Friday, September 17, 2004


Why Is It So Hard To Understand?

The Air Force photo below was linked by Jonah Goldberg in the Corner, who received a good email from another Air Force officer (just proving once again that Big Blue has too much time on its hands!).

The unknown emailer tells Jonah about his big gripe, how so many in the media are simply clueless about military life-- either the important details, or the mundane bits of daily life.

I'd feel a bit better if the so-called "military correspondents" could learn the difference between self-propelled artillery and tanks. . . The press tries to hire science reporters with some science background to help explain stories to the non-scientist public, but when it comes to covering those of us sworn to defend the nation, the media organizations send reporters who couldn't readily identify an A-10 and an F-15 if they were standing next to them. Nor do those reporters seem to care to research the issues beforehand. After all, they could learn most of what they wanted to know just by going online and reading the fact sheets from the service Web pages.
This is all painfully true, especially for most MSM military correspondents. In my job I spend most of my time dealing with the trade press (i.e., your Jane's and Aviation Week crowd), and for the most part, they know their business well, or at least demonstrate the appropriate level of curiosity.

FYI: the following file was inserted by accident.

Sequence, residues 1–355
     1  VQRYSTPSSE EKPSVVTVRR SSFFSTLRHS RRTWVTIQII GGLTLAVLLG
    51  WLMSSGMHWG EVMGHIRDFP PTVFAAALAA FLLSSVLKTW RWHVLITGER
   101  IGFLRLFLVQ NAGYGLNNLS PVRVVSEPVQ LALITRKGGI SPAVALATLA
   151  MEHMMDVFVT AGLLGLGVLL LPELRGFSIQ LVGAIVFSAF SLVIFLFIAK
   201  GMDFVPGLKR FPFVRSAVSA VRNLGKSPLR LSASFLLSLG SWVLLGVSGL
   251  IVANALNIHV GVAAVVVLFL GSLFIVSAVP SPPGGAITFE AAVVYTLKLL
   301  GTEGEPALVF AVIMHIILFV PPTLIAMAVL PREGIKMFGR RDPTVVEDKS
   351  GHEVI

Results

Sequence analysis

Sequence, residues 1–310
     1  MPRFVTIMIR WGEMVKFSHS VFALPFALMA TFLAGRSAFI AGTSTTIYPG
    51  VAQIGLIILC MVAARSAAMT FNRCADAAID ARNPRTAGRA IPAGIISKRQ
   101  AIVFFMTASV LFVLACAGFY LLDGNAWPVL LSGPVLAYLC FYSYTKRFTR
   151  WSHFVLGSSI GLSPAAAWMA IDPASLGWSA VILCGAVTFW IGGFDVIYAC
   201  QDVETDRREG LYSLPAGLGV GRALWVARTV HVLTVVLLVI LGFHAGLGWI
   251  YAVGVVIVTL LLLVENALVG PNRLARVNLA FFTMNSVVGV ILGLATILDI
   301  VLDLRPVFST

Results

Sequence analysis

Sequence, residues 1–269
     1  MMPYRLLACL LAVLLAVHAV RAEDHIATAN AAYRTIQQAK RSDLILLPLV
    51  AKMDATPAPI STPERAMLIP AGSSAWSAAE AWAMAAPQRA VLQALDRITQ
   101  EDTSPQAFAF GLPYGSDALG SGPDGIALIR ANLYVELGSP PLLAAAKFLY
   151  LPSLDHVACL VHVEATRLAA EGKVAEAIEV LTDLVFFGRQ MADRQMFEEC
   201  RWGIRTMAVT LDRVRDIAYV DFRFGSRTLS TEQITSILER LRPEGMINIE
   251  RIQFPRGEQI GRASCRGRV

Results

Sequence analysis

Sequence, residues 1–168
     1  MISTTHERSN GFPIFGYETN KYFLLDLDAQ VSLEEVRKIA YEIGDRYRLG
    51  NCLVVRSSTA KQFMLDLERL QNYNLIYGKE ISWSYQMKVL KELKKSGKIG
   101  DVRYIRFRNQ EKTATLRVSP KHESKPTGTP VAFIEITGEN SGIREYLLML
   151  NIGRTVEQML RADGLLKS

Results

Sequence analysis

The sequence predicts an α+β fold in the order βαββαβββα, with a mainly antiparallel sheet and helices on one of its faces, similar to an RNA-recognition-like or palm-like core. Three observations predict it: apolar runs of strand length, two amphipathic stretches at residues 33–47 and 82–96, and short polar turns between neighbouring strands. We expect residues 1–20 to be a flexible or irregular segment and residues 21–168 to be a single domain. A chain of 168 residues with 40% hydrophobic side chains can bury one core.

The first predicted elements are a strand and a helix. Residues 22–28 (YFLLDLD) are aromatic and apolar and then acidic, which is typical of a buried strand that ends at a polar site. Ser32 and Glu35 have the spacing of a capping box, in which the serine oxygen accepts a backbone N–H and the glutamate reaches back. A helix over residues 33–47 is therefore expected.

However, when we talk to a military "expert" from organizations such as the Associated Press, New York Times, or heaven forbid, a broadcast network, we often find ourselves spending more time explaining how a jet engine works or how the pointy end of the rocket goes up than we do explaining the details of the story they are trying to cover. Given the "prep time" it takes to achieve even this basic level of knowledge, it's no surprise that many reporters simply ignore the research, and report what they want without bothering to get the simple facts right.

That said, the level of detail found in a basic wire story isn't a whole heck of a lot, so I don't see why they can't be bothered with simply asking people what X or Y means. Hell, pick up a book, or watch Discovery Wings for a month or so, and you'll start to pick it up. Being an armchair general does not qualify a reporter to be a real general, but it's much better than being an armchair ignoramus. Such basic steps, however, assume a curiousity, a desire to improve their knowledge of the subjects they report on, which simply doesn't appear to exist in far too many reporters assigned to cover military matters.

I can spend an entire day listing my favorite "stupid mistakes" on the part of military correspondents. Here are few of the most common:

-- Getting ranks wrong, especially confusing enlisted with officers (you can forget about understanding NCO's)
-- Getting unit sizes wrong. Platoons become companies, battalions become brigades. All. The. Time.
-- Misidentifying vehicles and aircraft. Rookie mistakes, as all you need is a ten-dollar flip-book.
-- Misunderstanding basic tactics. Everybody seems to think soldiers fight like Rambo. Explaining combined arms to some reporters feels like teaching a squirrel art appreciation.